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Bromine

Bromine (chemical symbol Br) is a highly corrosive, reddish-brown, volatile element found in liquid form. Bromine—along with fluorine, chlorine, and iodine—is part of a family of elements known as the halogens. Arkansas ranks first in the world in the production of bromine, the basis for many widely used chemical compounds. Bromine, along with petroleum and natural gas, is one of the top three minerals produced in Arkansas.

The West Gulf Coastal Plain encompasses most of southern Arkansas. During the Paleozoic era (543 to 248 million years ago), this natural division was covered by seawater. Bromine, which occurs naturally in seawater, was extracted from the water by seaweed and plankton. As these organisms decomposed during the Jurassic period (206 to 144 million years ago), bromine was released, leaving heavy salt concentrations called brines in Union and Columbia counties. The Smackover Formation contains the richest of these brines at a depth of 7,500 to 8,500 feet.

When oil was discovered in south Arkansas in 1921, oil field brines were considered a worthless byproduct of drilling, and the oil producers had problems disposing of the salt water. Then, chemists from the Arkansas Geological Commission (now the Arkansas Geological Survey) discovered that the Smackover brines had high bromine content—seventy times greater than that of ocean water. Bromine production followed oil production in Union County in 1957 and has continued ever since. Bromine production in Union and Columbia counties contributes significantly to the local and state economy and employs over 1,000 people. The Albemarle Corporation and Ethyl Corporation in Magnolia (Columbia County) were involved in bromine production in the beginning days. Great Lakes Chemical Corporation built the world’s largest bromine plant in South Arkansas in 1961. TETRA Technologies operates a processing plant in West Memphis (Crittenden County).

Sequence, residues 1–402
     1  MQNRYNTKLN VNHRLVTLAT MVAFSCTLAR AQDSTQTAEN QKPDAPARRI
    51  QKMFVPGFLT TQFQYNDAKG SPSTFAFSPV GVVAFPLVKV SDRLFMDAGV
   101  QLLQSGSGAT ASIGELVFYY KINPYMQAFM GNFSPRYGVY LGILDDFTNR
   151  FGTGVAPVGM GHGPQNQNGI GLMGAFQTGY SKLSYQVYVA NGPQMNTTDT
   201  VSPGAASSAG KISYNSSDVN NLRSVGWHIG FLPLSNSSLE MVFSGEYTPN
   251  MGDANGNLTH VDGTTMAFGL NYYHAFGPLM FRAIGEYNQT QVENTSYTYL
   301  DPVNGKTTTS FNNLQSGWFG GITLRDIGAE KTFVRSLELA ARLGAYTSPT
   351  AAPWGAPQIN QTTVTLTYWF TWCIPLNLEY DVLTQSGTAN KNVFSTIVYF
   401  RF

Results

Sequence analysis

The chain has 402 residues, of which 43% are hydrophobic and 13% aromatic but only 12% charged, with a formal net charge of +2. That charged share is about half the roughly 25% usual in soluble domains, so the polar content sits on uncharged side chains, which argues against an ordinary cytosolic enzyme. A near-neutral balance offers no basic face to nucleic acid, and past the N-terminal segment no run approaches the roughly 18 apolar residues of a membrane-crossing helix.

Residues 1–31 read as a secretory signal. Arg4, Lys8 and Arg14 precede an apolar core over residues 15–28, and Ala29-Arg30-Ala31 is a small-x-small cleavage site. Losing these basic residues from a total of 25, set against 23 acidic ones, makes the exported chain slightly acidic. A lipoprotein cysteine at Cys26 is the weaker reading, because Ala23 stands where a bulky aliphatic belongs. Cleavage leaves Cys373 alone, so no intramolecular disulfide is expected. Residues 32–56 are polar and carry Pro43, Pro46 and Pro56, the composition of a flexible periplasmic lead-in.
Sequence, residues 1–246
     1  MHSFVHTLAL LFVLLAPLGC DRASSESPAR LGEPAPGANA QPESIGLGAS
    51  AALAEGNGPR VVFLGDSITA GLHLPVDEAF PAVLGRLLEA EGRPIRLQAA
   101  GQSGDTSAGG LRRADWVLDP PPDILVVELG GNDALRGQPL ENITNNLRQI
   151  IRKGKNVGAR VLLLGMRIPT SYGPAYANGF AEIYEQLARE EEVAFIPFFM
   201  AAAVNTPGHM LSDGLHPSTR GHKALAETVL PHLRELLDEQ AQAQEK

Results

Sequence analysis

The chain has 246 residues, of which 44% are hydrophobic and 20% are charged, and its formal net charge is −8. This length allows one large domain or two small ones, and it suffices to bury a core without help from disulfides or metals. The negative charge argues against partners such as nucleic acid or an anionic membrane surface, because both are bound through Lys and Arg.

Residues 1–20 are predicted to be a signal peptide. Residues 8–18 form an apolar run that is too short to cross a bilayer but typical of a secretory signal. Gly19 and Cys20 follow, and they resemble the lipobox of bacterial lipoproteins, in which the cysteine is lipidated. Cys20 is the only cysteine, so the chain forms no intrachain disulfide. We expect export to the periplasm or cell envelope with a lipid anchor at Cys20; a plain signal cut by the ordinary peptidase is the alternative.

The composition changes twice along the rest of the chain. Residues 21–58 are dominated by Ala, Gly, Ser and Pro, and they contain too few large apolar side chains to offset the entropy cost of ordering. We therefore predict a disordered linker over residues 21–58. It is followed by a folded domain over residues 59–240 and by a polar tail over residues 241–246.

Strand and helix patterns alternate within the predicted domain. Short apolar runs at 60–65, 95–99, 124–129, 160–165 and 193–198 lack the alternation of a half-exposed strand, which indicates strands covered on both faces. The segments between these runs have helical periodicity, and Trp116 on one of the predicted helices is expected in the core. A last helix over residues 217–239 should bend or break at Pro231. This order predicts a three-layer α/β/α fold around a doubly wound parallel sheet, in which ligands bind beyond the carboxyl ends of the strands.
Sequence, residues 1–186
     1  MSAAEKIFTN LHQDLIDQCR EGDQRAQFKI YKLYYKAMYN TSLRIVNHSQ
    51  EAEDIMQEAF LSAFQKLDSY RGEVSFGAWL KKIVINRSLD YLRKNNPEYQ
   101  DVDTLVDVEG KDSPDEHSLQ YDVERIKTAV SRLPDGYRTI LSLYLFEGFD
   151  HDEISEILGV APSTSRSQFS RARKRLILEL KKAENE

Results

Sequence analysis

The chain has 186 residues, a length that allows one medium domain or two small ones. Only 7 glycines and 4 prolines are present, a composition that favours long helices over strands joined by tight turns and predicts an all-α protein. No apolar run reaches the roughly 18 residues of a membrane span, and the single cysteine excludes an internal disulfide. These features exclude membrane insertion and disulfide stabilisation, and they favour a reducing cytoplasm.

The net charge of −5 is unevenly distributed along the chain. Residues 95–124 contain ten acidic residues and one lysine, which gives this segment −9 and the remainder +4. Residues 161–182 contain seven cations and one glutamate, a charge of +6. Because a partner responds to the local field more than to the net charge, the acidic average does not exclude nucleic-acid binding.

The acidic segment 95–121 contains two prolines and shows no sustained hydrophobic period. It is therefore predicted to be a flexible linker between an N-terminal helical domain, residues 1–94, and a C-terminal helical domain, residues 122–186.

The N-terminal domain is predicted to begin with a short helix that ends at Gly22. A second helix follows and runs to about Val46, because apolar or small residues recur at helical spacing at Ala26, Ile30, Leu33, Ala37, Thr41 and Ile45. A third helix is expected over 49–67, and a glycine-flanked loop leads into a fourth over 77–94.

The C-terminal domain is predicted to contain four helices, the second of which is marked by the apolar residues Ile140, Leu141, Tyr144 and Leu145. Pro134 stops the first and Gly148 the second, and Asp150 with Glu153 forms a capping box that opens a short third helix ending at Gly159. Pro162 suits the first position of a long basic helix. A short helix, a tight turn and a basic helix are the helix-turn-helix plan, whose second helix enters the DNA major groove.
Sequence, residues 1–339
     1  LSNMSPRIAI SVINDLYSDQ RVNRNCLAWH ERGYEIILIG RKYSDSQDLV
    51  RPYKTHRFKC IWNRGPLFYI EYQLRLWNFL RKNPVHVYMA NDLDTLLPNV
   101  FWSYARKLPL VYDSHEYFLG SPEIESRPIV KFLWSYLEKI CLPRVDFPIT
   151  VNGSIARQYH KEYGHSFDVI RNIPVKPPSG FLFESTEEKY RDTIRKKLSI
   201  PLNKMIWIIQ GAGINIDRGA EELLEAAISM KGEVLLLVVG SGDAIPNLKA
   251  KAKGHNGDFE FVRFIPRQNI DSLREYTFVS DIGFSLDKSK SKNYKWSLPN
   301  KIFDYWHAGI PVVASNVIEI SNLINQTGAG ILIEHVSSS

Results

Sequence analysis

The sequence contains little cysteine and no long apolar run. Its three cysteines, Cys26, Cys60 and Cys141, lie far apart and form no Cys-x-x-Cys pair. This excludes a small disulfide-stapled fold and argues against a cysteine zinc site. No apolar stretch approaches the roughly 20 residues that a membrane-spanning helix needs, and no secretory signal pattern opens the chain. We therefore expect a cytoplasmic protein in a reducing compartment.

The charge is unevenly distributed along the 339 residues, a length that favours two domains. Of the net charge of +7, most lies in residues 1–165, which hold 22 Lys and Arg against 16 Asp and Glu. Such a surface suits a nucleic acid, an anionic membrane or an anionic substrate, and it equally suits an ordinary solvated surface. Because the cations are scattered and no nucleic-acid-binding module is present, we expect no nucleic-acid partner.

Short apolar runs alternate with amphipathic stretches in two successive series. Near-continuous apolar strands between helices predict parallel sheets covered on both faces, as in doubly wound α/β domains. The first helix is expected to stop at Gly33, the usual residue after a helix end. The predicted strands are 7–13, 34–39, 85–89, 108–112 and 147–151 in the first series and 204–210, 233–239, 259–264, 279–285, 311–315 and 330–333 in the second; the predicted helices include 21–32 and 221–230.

Although there are many uses for bromine, nearly one-half of the bromine consumed annually is used in flame retardants. Other uses of bromine include insect and fungus sprays, anti-knock compounds for leaded gasoline, disinfectants, photographic preparations and chemicals, solvents, water-treatment compounds, dyes, insulating foam, hair-care products, and oil well–drilling fluids.

Bromine production is not without controversy, because bromine-derived chemicals negatively affect human health and the environment. According to CorpWatch, an organization that monitors the environmental impact of corporations, Great Lakes Chemical Corporation in Union County, the world’s largest producer of bromine, was shown to be the number-one polluter in Arkansas. The company was fined $190,000 for water pollution in Arkansas in 1994. Bromine is dangerous if it comes in contact with skin, and its vapor is harmful if inhaled. For these reasons, worker safety at the sites of production is a cause for concern. On April 29, 2005, one Great Lakes Chemical Corporation worker died and eleven others were injured when a bromine-based material was accidentally released.

Great Lakes Chemical Corporation merged with Crompton Corporation in 2005 to create Chemtura Corporation.

Albemarle Corporation has facilities located in Magnolia and El Dorado (Union County) that produce forty percent of the world’s bromine. Brines in the Arkansas locations and the Dead Sea are almost identical except for their geological and geographic locations.

For additional information:
“Albemarle Corporation: Bromide Baron Rap Sheet #1.” CorpWatch. http://www.corpwatch.org/article.php?id=901 (accessed July 2, 2007).

Arkansas Oil and Brine Museum. Smackover, Arkansas.

“Bromine (Brine).” Arkansas Geological Survey. http://www.geology.ar.gov/minerals/industrial_miner_a_d.htm#bromine (accessed November 21, 2008).

Price, D. Bromine Compounds: Chemistry and Applications. New York: Elsevier Science Ltd., 1988.

Julie Hill
Arkansas Geographic Alliance

Related Butler Center Lesson Plans:
Arkansas Novaculite (Grades 5-8); Bromine: an Important Arkansas Industry (Grades 5-8)

Last Updated 11/12/2010

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